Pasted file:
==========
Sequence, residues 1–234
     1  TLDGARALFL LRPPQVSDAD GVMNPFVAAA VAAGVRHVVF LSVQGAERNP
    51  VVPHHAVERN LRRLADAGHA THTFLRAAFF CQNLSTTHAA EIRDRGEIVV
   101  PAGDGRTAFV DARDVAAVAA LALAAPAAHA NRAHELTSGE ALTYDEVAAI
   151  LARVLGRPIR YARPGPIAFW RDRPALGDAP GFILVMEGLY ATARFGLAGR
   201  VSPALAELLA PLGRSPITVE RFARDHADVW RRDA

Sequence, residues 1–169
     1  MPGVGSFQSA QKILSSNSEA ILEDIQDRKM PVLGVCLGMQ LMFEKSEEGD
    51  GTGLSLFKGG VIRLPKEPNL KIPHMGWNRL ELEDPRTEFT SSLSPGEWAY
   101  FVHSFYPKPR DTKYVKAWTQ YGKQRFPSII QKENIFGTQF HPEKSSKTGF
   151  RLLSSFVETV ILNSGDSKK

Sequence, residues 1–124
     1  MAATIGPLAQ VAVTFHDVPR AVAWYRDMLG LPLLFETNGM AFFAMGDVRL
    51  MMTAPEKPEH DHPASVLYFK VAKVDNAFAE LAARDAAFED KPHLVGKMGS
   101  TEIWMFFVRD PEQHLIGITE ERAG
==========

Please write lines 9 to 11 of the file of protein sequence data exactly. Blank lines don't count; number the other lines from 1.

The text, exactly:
    51  GTGLSLFKGG VIRLPKEPNL KIPHMGWNRL ELEDPRTEFT SSLSPGEWAY
   101  FVHSFYPKPR DTKYVKAWTQ YGKQRFPSII QKENIFGTQF HPEKSSKTGF
   151  RLLSSFVETV ILNSGDSKK